Witch doctors in an institutionalized organization: 'modernity of witchcraft' in the civil war of Sierra Leone
Paper short abstract:
I examine witch doctors who came to be institutionalized under a pro-governmental force in Sierra Leone. At one point, they played critical roles in endowing magical power to fighters from local militias, however, they were institutionalized under a semi-bureaucratic system of the pro-governmental force.
Paper long abstract:
Anthropologists have argued on various aspects of contemporary warfare; several works have discussed witchcrafts and magical powers in contemporary civil wars (Ellis 1999, Behrend 2000), whereas other works have examined how armed groups were organized and the ways in which combatants behaved during civil wars (Keen 2005, Peters 2011). This paper follows suit the previous contributions by illuminating local aspects within a civil war. The civil war in Sierra Leone (1991-2002) broke out with the incursion of the Revolutionary United Front (RUF). Mende people in war-affected areas organized local militias called 'Kamajors' in order to defend their communities against the rebel. Some traditional leaders, who led Kamajors in their respective communities, used witch doctors to empower their own fighters with magical and spiritual powers. During the war, the ritual of endowing magical powers by the witch doctors became so prevalent that it began to be regarded as an essential practice for Mende people to become qualified fighters. When the local militias and their fighters were integrated under the umbrella of a pro-governmental force, the Civil Defense Force (CDF), the witch doctors were also organized as one of the departments within the CDF. This process demonstrate a case of "modernity of witchcraft" in an uncertain situation. However, as the act of institutionalization and the bureaucratic system itself were not fitting to the practices of witch doctors, witch doctors in the department eventually began to be seen as a source of concern for cadres and administrative officers of the CDF.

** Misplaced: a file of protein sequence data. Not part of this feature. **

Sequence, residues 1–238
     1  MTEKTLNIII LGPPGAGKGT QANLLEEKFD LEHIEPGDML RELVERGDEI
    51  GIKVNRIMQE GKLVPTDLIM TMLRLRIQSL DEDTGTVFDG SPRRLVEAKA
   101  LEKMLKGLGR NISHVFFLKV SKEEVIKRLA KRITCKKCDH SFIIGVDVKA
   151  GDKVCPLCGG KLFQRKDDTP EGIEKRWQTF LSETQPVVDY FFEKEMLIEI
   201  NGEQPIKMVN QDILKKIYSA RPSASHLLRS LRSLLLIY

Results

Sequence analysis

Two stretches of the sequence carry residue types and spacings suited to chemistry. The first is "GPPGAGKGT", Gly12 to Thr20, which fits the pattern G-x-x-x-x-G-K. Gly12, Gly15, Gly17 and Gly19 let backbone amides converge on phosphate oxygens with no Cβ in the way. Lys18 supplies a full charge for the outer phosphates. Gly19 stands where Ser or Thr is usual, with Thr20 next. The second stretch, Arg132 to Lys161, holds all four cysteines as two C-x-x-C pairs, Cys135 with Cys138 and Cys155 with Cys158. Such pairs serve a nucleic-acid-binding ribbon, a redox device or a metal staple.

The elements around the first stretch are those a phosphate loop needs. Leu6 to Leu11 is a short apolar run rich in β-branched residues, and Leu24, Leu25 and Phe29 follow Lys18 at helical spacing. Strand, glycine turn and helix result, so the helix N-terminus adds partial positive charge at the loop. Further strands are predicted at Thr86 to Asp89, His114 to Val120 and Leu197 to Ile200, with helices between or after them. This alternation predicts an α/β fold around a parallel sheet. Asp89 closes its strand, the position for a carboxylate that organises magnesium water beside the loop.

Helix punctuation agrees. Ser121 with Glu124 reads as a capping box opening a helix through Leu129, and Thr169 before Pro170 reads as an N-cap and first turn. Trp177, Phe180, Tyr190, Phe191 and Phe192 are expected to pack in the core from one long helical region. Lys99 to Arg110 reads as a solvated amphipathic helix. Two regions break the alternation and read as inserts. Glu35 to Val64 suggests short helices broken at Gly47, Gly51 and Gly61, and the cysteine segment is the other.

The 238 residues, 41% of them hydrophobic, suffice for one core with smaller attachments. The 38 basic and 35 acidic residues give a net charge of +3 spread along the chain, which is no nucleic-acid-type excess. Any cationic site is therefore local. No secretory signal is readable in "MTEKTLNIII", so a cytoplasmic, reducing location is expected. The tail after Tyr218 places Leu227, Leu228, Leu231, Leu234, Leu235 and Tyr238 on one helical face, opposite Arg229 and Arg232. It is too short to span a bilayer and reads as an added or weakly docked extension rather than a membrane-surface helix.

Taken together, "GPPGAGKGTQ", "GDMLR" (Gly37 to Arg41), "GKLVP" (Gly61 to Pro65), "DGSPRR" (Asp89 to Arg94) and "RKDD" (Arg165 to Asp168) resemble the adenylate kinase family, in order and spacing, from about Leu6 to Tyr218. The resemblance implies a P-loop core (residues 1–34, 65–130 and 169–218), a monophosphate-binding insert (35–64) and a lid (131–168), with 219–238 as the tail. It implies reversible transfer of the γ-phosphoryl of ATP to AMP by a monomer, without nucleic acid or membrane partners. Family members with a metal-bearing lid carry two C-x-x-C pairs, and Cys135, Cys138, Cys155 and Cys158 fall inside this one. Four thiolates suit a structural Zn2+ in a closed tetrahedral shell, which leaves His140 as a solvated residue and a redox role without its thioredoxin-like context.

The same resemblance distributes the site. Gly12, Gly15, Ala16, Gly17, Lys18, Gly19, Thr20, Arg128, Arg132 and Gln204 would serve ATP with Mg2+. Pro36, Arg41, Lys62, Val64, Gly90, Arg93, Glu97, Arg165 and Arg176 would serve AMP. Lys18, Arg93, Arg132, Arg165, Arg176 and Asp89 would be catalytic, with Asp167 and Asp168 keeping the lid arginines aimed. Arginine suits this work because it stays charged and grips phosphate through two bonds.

Citizenship, violence, and power: re-invention of modern nation-states in Africa